During the Great Depression, President Roosevelt needed a solution to the poverty that was crippling the nation. He turned to the University of Wisconsin-Madison for the answer. Professor Edwin Witte, as a champion of the “Wisconsin Idea” (universities should work for the benefit of the people), was placed at the head of this project. Witte and others created the basis for the Social Security Act which passed in 1935. This had a significant impact on the economy. In the first three years, it gave more than 25 million workers unemployment pay. It also gave 1.7 million Americans monthly allowances if they were old enough to qualify. Social Security became an “economic cushion,” as some historians call it, for many Americans and provided much needed purchasing power to help boost the economy once again. While some people may say the system needs an overhaul, or to be removed all together, it’s pretty splendid a fellow Wisconsinite is to thank for what it did.
The introduction of silage into the diets of cows came in the nineteenth century. Since then, the way to store the various grasses and grains so they could ferment has been every changing. Originally, pits were dug in the ground and lined with straw. This was inefficient however, so farmers began constructing rectangular silos. These had issues however due to pressure from the silage, as well as rot and air pockets in the corners. The solution came around 1910 from University of Wisconsin agricultural physics professor W.H. King, who designed the first round silo. The walls were made to withstand the pressure of the silage, and as long as it was over 24 feet tall, there would be no worries of air pockets due to the compression. The cobalt blue silos you see dotting the dairy farm landscapes of Wisconsin are the ancestors of King’s revolutionary invention.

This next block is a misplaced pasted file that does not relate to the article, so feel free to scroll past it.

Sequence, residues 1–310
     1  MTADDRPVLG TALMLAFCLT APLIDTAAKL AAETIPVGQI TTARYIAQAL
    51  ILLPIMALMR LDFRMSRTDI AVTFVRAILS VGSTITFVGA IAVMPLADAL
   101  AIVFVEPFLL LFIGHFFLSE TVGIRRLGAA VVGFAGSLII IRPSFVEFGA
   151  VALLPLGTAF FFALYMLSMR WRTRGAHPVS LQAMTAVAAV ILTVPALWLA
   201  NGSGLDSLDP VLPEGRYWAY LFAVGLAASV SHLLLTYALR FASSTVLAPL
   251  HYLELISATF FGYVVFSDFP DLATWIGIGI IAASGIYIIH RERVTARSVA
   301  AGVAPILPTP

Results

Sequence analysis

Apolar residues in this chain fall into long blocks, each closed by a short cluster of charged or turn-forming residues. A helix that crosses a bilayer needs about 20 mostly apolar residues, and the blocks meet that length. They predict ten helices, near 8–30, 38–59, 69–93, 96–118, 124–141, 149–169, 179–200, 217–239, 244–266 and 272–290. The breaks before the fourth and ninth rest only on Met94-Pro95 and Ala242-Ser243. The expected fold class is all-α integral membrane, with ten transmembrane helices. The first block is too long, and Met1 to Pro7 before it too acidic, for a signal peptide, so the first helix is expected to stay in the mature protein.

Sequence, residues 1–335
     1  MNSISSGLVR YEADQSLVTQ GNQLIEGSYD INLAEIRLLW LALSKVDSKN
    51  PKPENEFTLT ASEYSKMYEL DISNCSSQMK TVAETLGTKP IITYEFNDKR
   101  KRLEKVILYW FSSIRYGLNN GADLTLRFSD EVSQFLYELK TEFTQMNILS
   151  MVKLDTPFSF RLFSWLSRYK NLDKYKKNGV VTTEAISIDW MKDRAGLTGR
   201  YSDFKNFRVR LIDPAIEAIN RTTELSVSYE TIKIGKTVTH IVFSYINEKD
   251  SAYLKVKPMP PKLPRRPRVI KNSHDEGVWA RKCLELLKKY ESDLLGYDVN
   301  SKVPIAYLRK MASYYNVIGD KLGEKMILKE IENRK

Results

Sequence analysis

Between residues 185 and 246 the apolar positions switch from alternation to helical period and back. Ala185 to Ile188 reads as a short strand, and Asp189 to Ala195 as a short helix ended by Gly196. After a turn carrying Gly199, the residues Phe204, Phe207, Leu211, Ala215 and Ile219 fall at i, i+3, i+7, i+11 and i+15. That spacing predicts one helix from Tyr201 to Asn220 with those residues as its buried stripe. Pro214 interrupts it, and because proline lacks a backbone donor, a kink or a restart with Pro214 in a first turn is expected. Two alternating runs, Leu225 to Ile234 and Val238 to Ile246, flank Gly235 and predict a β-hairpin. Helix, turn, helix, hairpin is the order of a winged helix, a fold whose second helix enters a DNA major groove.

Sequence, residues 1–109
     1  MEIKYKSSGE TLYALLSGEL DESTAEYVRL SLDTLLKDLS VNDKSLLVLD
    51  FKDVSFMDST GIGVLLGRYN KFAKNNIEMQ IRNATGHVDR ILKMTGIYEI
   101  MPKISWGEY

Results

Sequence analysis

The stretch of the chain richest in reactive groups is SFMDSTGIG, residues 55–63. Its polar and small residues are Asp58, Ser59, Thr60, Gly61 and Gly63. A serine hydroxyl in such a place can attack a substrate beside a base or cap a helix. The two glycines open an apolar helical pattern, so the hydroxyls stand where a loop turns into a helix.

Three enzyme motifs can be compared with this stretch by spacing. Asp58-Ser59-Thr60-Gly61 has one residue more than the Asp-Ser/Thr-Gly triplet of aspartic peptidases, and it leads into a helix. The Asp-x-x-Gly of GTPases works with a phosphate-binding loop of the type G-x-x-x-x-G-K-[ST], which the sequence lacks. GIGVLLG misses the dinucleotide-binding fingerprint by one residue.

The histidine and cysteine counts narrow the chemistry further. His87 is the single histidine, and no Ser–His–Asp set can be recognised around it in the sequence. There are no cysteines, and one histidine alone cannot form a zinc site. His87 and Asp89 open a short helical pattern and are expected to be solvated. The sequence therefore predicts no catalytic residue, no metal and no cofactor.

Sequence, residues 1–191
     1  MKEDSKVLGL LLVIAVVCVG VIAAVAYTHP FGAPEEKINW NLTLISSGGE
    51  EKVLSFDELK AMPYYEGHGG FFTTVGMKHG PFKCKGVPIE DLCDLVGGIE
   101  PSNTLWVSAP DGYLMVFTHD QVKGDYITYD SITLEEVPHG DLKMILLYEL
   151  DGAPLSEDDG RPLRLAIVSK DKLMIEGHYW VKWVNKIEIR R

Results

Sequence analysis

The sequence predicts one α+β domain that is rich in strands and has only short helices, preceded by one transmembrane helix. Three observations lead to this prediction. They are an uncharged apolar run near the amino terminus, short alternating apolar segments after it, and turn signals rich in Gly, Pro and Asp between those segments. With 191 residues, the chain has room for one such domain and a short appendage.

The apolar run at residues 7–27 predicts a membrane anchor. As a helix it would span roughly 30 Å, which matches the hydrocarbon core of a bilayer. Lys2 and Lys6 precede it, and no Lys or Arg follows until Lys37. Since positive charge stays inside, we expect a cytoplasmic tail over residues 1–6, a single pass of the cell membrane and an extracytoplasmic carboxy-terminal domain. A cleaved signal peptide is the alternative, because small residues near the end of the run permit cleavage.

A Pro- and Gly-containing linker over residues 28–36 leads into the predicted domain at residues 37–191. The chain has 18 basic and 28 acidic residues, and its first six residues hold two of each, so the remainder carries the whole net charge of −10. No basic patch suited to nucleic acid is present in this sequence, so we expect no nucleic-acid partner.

While the first bone marrow transplant did not occur in Wisconsin, the method for determining whether or not two patients are compatible was developed here. Dr. Fritz Bach of the University of Wisconsin-Madison (seeing a trend yet?) developed the technique of testing cells in a test tube, to avoid dangerous procedures ending in bone or cell rejection by the body. His technique takes cells from the donor (most often a close family member) as well as cells from the patient. By mixing them outside of the body, in a test tube, he was able to see how the cells reacted, just as they would inside the body. His technique was first used in 1968 to save a 5-month-old boy with a bone marrow defect, and again to save a 2-year-old boy suffering from constant bleeding and infections. These two boys were the first people to receive a successful bone marrow transplant surgery.